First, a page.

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I'm new to multithreading in c# and am confused among all thread stuff. here is what I'm trying to have:

public class TheClass
{
    Thread _thread;
    bool _isQuitting;
    bool _isFinished;
    object jobData;
    public void Start()
    {
        jobData = new object();
        _thread = new Thread(new ThreadStart(Run));
        _thread.Start();
    }
    private void Run()
    {
        while (!_isQuitting)
        {
            lock (jobData) // or should i use mutex or monitor?
            {
                DoStuff();
            }
            // sleep till get triggered
        }
        DoCleanupStuff();
        _isFinished = true;
    }

    public void AddJob(object param)
    {
        jobData = param;
        //wake up the thread
    }
    public void Stop()
    {
        _isQuitting = true;
        //wake up & kill the thread
        //wait until _isFinished is true
        //dispose the _thread object
    }
}

in this class, what is the most efficient method to achieve commented out phrases and for overall performance?

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Just a few comments: ① Your jobData object is initially null, so if the user calls Run before calling AddJob, it crashes. To fix this, you can change object jobdata; to object jobdata = new object();. ② The Run method does not seem to use its parameter at all, so you can just remove it and use ThreadStart instead of ParameterizedThreadStart. –  Timwi Aug 14 '10 at 23:35
    
edited, thanks. –  Slantroph Aug 14 '10 at 23:39
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3 Answers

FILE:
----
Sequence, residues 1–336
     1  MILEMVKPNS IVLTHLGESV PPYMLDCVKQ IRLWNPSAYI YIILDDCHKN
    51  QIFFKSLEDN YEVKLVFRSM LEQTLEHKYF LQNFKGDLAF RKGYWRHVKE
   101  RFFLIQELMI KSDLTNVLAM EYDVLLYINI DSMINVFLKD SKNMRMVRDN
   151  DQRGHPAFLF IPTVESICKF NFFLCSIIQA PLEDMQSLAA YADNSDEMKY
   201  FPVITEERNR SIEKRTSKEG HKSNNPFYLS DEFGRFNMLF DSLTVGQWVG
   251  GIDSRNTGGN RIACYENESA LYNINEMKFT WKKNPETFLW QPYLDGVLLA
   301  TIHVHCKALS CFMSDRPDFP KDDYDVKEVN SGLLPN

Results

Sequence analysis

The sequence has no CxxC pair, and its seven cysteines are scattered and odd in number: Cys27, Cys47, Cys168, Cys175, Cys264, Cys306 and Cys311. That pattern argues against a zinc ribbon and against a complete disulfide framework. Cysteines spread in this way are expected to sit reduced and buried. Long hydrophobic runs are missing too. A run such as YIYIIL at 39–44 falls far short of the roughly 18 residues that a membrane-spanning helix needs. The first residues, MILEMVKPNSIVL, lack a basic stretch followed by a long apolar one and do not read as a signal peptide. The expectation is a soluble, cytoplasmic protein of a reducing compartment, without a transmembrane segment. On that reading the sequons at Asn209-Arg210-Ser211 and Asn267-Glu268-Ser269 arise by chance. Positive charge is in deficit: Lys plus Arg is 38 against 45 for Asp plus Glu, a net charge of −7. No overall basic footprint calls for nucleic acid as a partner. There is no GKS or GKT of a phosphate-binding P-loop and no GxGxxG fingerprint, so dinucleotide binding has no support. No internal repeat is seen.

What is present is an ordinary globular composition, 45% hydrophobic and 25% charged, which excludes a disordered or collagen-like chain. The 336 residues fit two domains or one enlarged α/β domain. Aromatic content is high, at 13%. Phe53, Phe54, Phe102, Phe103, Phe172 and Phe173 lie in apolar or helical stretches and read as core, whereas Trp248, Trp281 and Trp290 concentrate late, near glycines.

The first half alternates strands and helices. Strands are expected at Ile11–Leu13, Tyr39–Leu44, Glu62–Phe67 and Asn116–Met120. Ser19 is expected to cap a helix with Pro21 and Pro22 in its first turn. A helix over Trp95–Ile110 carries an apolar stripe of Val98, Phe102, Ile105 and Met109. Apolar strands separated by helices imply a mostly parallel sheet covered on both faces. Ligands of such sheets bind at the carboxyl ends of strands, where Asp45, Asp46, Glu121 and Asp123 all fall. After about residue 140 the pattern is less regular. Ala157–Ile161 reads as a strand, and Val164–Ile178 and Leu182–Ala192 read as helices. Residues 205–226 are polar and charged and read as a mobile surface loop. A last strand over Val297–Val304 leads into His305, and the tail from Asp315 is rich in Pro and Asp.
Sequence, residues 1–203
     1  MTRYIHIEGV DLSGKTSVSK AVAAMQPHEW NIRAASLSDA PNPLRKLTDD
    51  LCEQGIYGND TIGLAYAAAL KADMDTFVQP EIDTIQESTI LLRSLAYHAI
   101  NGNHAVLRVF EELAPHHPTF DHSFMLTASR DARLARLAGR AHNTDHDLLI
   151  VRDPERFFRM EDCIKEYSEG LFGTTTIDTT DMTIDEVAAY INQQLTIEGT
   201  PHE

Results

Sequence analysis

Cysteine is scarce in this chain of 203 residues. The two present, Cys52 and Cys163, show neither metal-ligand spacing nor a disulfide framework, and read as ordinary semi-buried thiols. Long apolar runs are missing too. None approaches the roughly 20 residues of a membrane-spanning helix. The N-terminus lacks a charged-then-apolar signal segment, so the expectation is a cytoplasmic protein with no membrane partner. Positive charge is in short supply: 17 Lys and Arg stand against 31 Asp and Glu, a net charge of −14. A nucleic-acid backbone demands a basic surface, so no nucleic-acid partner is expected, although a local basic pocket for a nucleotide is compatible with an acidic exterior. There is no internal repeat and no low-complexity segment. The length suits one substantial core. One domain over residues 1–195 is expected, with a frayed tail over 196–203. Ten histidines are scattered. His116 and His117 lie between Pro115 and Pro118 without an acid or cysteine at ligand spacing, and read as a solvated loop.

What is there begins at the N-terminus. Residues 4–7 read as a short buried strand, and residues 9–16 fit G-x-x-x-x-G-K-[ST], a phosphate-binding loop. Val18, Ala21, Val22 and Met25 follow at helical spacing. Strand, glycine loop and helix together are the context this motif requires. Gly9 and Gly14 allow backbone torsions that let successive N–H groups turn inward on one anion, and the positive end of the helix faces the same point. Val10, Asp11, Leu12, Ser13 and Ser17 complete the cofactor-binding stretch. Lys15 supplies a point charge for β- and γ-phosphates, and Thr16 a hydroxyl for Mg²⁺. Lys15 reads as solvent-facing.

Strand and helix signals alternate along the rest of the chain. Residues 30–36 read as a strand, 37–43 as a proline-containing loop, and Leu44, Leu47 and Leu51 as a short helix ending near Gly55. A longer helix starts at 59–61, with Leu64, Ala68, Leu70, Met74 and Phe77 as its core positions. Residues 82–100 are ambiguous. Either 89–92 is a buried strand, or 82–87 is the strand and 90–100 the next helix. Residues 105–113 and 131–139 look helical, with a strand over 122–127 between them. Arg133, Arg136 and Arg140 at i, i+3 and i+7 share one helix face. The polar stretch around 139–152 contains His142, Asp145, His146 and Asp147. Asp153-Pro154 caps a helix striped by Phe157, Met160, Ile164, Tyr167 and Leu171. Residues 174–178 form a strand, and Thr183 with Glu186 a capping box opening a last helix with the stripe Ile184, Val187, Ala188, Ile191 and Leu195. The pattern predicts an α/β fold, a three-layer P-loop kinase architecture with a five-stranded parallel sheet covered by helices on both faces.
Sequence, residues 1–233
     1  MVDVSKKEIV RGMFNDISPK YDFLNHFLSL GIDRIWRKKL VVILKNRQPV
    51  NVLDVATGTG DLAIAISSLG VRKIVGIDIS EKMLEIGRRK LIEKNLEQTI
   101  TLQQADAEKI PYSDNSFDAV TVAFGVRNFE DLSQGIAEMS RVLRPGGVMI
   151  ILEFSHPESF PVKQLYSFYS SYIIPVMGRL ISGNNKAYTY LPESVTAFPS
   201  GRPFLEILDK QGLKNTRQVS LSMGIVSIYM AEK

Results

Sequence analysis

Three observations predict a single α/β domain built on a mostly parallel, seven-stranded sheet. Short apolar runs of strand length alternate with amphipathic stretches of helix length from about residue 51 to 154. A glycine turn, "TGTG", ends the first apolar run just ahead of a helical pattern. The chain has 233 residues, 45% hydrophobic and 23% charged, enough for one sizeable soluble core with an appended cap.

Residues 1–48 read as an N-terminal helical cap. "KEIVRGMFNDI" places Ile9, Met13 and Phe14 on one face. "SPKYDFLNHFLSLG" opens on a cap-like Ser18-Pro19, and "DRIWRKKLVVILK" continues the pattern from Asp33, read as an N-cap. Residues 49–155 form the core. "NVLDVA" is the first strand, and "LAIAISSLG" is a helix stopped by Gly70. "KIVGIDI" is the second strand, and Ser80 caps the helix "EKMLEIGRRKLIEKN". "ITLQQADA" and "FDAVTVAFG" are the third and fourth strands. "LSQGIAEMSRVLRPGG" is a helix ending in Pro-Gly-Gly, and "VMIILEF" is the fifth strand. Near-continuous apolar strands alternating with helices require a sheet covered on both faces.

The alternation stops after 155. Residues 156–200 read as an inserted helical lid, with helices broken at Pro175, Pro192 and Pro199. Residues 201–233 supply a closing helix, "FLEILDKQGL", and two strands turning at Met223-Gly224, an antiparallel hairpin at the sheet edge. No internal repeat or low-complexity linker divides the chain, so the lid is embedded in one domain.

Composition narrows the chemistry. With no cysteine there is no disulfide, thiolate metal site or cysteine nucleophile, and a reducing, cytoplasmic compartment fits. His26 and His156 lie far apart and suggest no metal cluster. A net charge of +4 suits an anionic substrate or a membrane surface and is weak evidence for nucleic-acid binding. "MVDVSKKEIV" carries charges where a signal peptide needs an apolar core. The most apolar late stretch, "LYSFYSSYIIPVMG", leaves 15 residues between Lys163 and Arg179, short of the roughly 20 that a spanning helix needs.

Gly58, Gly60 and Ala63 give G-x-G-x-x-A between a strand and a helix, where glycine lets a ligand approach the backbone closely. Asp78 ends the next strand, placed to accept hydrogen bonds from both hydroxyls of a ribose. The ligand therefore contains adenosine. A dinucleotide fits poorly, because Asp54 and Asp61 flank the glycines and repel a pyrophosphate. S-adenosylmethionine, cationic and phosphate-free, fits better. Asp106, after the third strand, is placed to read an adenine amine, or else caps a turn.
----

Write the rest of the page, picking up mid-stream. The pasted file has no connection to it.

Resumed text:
up vote 0 down vote accepted

I don't know about the performance, but it looks like you want AutoResetEvent.

This certainly gives you one of the simplest ways to do what you're describing. Test it out, and if you find performance is an issue, then worry about another way to do it.

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Consider using Monitor.Wait() and Monitor.Pulse().

For example:

object locker = new object();

private void Run()
{
    while (!_isQuitting)
    {
        lock (locker)
        {
            Monitor.Wait(locker);
            DoStuff(jobData);
        }
    }
    DoCleanupStuff();
}

public void AddJob(object param)
{
    // Obtain the lock first so that you don’t
    // change jobData while the thread is processing it
    lock (locker)
    {
        jobData = param;
        Monitor.Pulse(locker);
    }
}

public void Stop()
{
    lock (locker)
    {
        _isQuitting = true;
        Monitor.Pulse(locker);
    }

    // Wait for the thread to finish — no need for _isFinished
    _thread.Join();
}

However, notice that in my code you still have only one jobData object — the consequence being that AddJob() will wait for the current job to finish processing. This may not be what you want. Perhaps you should have a Queue<T> of job data objects; AddJob would Enqueue an item and Run would keep Dequeue’ing until the queue is empty. If you do this, the lock statement in Run should encompass only the access to the queue, not the entire processing stage.

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It looks to me like you want to use the producer/consumer pattern. This is most easily accomplished using a blocking queue. Once you have that then everything else is easy. You can find an implementation here or you can use the BlockingCollection class available in 4.0.

Note: Hardening code is omitted for brevity.

public class TheClass
{
    private Thread m_Thread;
    private BlockingCollection<object> m_Queue = new BlockingCollection<object>();
    private CancellationTokenSource m_Cancellation = new CancellationTokenSource();

    public void Start()
    {
        m_Thread = new Thread(new ThreadStart(Run));
        m_Thread.IsBackground = true;
        m_Thread.Start();
    }

    private void Run()
    {
        while (true)
        {
            try
            {
                object job = m_Queue.Take(m_Cancellation.Token);
            }
            catch (OperationCanceledException)
            {
                break;
            }
        }
    }

    public void AddJob(object param)
    {
        m_Queue.Add(param);
    }

    public void Stop()
    {
        m_Cancellation.Cancel();
        m_Thread.Join();
    }
}
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